Saturday, 25 August 2012

JEFFERSON STARSHIP REVIEW

http://dmme.net/reviews/reviews51.html#jeffstar

On the verge of Independence Day and Woodstock's 40th anniversary, the veteran bunch go all spaced-out and cover all bases.

Donning the Martians robes for the UFO parade seemed like a logical step for a band who'd beamed cosmic music all over America for more than four decades, first in the 'PLANE clothes and then from the board of this interstellar vehicle. Yet the Paul Kantner-helmed crew took the idea a parsec further and invited their audience to an adventurous trip which this 4 CD set documents. It borders on overload with separate discs for rehearsals and a soundcheck aimed at completists but the taut test version of "All Fly Away", originating on the band's debut, "Dragon Fly", beats the concert one, and David Frieberg's lysergic run through "Space Oddity" may challenge their jazzy reading of "Dark Star" for expansiveness. And if the latter's appearance in the repertoire is justified by the presence of GRATEFUL DEAD's Tom Constanten, whose piano elegantly carries Woody Guthrie's "This Land Is Your Land", it's an addition of unexpected covers that makes it all so interesting.

The show may climax with the inescapable triplet of "Somebody To Love", "White Rabbit" and "Volunteers", yet it starts with BONZOS' "Urban Spaceman" and Norman Greenbaum's "The Eggplant That Ate Chicago" and gains seriousness along the way. There, "Hyperdrive", another early classic, hangs its heavy soul under the guidance of STARSHIP's old bassist Pete Sears who makes a welcome return together with their erstwhile singer Darby Gould. She brings down celestial glory of FLOYD's "Brain Damage" and "Eclipse" and does a fantastic Sandy Denny impression in "Genesis Hall", while her successor Cathy Richardson serves up a tremulous "I Can't Forgive You", that Phil Lesh's acolyte Barry Sless adorns with pedal steel, before Jack Traylor joins in the ringing folk ride with "Earth Mother". The most impressive piece on offer is "Wooden Ships" that Kantner reclaims from CS&N, with harmonies-filled oldies "Crown Of Creation" and "Lawman" falling not far behind. On the other side of the spectrum lies flat "Chimes Of Freedom" from the group's latest album, "Jefferson's Tree Of Liberty".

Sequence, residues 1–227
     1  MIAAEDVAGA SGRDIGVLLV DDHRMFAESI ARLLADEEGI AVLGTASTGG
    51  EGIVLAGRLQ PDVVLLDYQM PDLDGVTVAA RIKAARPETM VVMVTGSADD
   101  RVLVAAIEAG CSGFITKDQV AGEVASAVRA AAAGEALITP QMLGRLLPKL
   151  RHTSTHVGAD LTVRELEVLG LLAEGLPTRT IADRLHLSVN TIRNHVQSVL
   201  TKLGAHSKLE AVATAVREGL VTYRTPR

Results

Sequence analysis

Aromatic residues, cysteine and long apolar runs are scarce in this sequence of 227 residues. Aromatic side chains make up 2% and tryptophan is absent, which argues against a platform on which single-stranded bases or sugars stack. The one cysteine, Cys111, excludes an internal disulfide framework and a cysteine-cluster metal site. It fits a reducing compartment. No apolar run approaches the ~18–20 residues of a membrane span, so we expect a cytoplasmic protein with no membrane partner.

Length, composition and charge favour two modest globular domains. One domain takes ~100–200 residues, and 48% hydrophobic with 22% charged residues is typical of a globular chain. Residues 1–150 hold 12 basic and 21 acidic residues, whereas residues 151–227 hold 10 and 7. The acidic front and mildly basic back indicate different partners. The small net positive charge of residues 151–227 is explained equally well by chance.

Much more effectively in the Roswell context work a coupling of "Have You Seen The Saucers" and "Have You Seen The Stars Tonight?" which brought the Mothership's captain the respect of Sci-Fi community back in 1970, whereas traditional "Follow The Drinking Gourd" helps to keep the balance between astronomy and dirt-digging. From this standpoint, "Tales" - very human, rather than alien(ating) - make a riveting spin.

****

****

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